Issaquah receives $100,000 grant to study potential land swap

October 5, 2010

By Warren Kagarise

Issaquah has received $100,000 to study how to protect land in the Issaquah Creek watershed and, at the same time, add density in the urban core.

The city plans to use the grant to conduct environmental and market analyses to create a transfer-of-development-rights receiving site in part of a 915-acre commercial core along Interstate 90.

Under such a transfer, a landowner sells development rights from properties in low-density areas to parties interested in building denser development in another area.

The state Department of Commerce and the Puget Sound Regional Council announced Sept. 15 more than $1 million in grants to 10 cities for transfer of development rights projects.

The dollars come from a federal Environmental Protection Agency program to support regional planning in the Puget Sound watershed.

“With these funds, cities will be creating a market for developers to increase the value of their projects while protecting land that is important for farming, forestry and watershed protection,” Department of Commerce Director Rogers Weed said in a statement. “Tools like TDR are market-driven, and encourage private investment in growing communities and land conservation.”

Issaquah planners intend to update a pact between the city and King County to create the receiving site. The area under consideration is part of the Central Issaquah Subarea, the commercial zone straddling the interstate.

City Planning Director Mark Hinthorne said the transfer-of-development-rights proposal fits into a broader effort to envision redevelopment on the land.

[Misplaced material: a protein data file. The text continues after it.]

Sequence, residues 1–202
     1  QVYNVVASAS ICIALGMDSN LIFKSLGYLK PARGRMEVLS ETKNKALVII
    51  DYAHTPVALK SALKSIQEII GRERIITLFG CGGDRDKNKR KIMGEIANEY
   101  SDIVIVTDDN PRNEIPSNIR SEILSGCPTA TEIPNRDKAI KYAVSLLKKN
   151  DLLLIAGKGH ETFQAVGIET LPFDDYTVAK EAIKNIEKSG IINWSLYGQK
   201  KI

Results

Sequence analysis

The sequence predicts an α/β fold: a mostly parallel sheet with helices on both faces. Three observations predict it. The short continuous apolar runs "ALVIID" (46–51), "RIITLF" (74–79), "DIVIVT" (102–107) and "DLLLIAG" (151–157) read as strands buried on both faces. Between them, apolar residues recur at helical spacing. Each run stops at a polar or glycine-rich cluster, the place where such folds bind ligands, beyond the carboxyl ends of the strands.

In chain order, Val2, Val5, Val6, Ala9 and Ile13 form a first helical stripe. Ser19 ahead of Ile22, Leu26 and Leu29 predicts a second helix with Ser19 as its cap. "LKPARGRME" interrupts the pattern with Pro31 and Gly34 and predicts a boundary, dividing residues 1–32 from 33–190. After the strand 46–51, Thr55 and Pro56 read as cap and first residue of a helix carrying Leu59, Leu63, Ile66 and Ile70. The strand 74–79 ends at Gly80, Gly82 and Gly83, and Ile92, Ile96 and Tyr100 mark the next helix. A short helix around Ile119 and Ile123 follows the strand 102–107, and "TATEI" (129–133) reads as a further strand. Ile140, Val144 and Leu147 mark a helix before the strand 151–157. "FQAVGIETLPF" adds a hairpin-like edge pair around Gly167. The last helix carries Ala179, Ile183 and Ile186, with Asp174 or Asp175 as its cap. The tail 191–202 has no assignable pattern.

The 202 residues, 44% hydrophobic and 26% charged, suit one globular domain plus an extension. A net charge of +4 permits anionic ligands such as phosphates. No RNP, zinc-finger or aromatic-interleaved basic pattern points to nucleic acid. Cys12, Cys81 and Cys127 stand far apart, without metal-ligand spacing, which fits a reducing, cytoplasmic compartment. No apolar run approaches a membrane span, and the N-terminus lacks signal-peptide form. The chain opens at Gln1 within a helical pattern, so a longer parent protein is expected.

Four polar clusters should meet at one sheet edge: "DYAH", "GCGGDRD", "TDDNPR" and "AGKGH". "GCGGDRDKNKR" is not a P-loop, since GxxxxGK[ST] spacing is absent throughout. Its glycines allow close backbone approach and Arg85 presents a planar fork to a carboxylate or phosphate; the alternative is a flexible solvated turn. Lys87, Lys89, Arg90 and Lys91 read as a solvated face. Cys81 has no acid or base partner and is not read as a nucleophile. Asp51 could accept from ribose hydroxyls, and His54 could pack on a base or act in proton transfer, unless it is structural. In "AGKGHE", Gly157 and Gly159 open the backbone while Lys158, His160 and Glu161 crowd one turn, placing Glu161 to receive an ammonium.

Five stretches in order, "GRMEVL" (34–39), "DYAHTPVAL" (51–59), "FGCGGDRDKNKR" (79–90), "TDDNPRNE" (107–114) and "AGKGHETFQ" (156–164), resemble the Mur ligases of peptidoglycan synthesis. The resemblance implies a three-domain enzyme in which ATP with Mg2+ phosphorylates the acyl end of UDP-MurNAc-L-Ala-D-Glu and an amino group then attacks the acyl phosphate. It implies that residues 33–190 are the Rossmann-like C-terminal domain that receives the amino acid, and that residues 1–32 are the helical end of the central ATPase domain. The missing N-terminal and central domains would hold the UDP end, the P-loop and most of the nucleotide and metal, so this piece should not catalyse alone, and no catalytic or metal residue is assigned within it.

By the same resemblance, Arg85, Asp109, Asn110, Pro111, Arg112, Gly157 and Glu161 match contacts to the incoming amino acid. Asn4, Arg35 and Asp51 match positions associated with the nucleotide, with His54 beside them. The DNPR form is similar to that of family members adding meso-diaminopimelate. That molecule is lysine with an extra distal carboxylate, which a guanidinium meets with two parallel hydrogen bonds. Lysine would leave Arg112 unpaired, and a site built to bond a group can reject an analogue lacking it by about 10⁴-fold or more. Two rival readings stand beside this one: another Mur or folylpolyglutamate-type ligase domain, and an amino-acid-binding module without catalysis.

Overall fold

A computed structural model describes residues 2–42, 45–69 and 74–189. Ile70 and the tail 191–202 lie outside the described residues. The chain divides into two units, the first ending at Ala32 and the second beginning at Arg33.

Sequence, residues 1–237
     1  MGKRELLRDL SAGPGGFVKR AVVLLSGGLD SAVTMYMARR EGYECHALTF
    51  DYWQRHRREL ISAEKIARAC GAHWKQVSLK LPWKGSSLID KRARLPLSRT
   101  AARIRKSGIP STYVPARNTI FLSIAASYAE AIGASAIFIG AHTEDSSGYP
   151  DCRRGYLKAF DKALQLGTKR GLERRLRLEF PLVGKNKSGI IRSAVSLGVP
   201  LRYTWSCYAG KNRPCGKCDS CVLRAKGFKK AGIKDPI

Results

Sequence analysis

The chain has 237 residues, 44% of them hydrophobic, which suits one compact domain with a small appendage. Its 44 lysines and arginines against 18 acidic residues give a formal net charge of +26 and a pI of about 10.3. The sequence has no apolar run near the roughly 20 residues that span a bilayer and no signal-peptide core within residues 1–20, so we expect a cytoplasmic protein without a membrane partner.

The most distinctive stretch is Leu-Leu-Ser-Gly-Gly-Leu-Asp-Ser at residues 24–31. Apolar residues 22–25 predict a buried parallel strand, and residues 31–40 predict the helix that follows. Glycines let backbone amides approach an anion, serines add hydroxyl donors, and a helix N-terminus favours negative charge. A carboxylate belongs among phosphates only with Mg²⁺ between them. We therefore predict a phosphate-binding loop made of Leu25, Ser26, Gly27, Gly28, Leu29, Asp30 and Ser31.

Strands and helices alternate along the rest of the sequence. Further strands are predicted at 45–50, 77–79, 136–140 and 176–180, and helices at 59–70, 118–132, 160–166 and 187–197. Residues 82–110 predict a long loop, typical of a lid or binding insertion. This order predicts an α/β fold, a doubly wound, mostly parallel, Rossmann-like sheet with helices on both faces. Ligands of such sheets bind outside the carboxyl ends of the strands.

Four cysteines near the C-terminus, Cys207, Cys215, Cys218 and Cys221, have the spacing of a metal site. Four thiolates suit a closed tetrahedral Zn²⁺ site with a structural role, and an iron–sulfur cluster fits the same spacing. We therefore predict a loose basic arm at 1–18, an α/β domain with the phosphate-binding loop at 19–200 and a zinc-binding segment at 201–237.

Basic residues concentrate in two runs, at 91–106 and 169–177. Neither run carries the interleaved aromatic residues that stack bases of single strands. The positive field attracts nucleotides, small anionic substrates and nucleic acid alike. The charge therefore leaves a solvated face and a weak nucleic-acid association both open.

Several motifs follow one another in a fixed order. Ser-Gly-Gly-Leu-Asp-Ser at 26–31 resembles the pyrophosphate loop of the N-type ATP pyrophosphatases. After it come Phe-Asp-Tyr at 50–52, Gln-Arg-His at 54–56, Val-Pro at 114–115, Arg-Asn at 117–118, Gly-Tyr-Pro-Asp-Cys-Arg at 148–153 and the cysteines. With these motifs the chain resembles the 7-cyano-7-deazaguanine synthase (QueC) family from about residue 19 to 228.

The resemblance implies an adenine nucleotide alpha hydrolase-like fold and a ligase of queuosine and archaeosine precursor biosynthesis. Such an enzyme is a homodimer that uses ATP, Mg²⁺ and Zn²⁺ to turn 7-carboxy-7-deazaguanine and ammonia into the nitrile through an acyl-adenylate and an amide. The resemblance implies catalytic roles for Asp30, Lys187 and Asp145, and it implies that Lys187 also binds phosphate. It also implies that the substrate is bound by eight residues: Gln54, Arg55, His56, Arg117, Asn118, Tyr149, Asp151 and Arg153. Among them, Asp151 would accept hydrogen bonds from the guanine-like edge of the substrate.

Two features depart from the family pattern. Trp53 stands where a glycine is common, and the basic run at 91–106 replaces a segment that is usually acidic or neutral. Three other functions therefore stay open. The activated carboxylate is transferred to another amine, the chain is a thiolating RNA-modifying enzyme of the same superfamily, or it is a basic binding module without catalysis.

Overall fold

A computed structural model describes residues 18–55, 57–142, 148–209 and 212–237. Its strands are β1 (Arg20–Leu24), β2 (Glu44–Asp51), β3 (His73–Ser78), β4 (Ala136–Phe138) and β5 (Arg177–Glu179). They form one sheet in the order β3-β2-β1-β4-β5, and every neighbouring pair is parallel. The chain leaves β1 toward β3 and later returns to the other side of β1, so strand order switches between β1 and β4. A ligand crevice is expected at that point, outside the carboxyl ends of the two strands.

Mayor Ava Frisinger appointed a task force last year to chart redevelopment in the area. The panel should deliver recommendations next month.

Moreover, the city has a record of using the transfer-of-development-rights process to conserve open space. Hinthorne said past experiences helped make Issaquah a more attractive candidate for the grant dollars.

“We’ve done already what they’re encouraging other jurisdictions to do,” he said.

The best-known example is the long-running push to preserve Park Pointe on Tiger Mountain and, in exchange, allow increased density in the Issaquah Highlands. City Council members approved key measures last month to allow the swap.

Issaquah and King County officials also used the process in March 2000 to transfer development rights from Mitchell Hill to the highlands and preserve 313 forested acres.

The city and county OK’d a pact in 2005 to allow for development rights to be sent from private land in the Issaquah Creek watershed to sites inside the city.

City Senior Planner Debi Kirac said the grant money should allow the city to update the agreement. The grant is due to become available to the city in December, and must be used by December 2012.

Hinthorne and Kirac said the city plans to hire a consultant to complete the environmental analysis required as part of the process.

Cities in the area served by the Puget Sound Regional Council — the planning authority for King, Kitsap, Pierce and Snohomish counties — received the money. No other Eastside city received a grant.

“We’re excited to see these cities conserve important land as they focus growth in urban places,” Bob Drewel, Puget Sound Regional Council executive director, said in a statement.

Warren Kagarise: 392-6434, ext. 234, or wkagarise@isspress.com. Comment at www.issaquahpress.com.

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